Credit: IFC Films/Shudder
by Matt Lynch Featured Film Genre Views

Late Night with the Devil — Colin Cairnes & Cameron Cairnes

March 22, 2024

With so much modern horror based in ’80s VHS nostalgia or mired in transmuting trauma, it’s enough that Late Night with the Devil’s set of references feels relatively refreshing. Combining found footage with a helping of is-this-for-real pseudo-documentary (cf. Ghostwatch or Blair Witch) and placed squarely in a Nick At Nite-rerun arena, what comes out is mostly goofy and never particularly chilling, but it’s also perfectly pitched and amusing front to back.

It’s 1977, and Jack Dorsey (David Dastmalchain), the host of the struggling-for-ratings late-night talk show Night Owls, has decided that since sweeps week coincides with Halloween, that night’s live show will be spook central, with a psychic (Fayssal Bazzi), an Amazing Randi-like paranormal debunker (Ian Bliss) and a Dr. Joyce Brothers-esque woman (Laura Gordon) who’s brought along her newest patient, a young girl who might be possessed by a demon (Ingrid Torelli). A somewhat clunky introduction to all this (narrated by Michael Ironside) informs that Dorsey, in his pursuit of ratings, has been up to some shady stuff at the Bohemian Grove that may or may not have contributed to the sudden death of his wife from cancer. What we’re about to see, allegedly, was a live broadcast that went horribly wrong and was buried by the network forever… until now.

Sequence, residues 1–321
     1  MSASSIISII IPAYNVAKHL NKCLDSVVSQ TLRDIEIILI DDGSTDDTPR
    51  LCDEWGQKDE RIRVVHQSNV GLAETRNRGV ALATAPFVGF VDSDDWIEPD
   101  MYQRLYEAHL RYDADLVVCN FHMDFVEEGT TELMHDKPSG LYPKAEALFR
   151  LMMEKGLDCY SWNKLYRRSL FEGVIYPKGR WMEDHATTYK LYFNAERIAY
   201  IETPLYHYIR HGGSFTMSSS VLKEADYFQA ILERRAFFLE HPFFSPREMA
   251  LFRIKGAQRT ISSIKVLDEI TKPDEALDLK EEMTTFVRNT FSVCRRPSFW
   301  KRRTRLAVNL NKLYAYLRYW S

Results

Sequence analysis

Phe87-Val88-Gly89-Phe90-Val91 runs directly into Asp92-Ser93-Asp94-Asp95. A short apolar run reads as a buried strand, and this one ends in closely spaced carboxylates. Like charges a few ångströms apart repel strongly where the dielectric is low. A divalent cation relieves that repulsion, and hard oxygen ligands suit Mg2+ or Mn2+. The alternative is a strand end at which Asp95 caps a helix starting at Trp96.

Most of the film is powered by Dastmalchain’s committed performance; he toes the line perfectly between somewhat shady showbiz guy and Dorsey’s jocular front-facing on-stage persona, which, when it begins to crack, gives him some very genuine goosebumps. We can’t help but guess that Jack’s actions are what brought all the ensuing chaos about, but darn it, he seems like exactly the kind of guy mom and dad brought into their living rooms just before bedtime every night after the news. The rest of the cast is a lot of fun too, especially Bliss as the cigar-chomping skeptic using every opportunity to ham it up. He gets the best segment of the film, too, as he attempts to hypnotize Dorsey’s sidekick Gus (Rhys Auteri), with literally gut-wrenching results.

All that said, Late Night with the Devil does get repetitive after a spell. Jack introduces a guest, something goes scarily wrong, and then everyone sort of resets after a commercial break (unfortunately, the clearly limited budget here didn’t allow for some fake vintage ads, but what can you do?). At barely 90 minutes, the Cairnes’ film can’t help but feel sluggish, and that’s not necessarily helped by an essentially preordained climax. Although never unsatisfying, Late Night with the Devil ultimately has only one place to go, and viewers are sort of left to just sit there waiting for it. But it’s also consistently clever, and sometimes — especially these days — clever is enough.

DIRECTOR: Colin Cairnes & Cameron Cairnes;  CAST: David Dastmalchian, Laura Gordon, Fayssal Bazzi, Ian Bliss;  DISTRIBUTOR: IFC Films;  IN THEATERS: March 22;  RUNTIME: 1 hr. 33 min.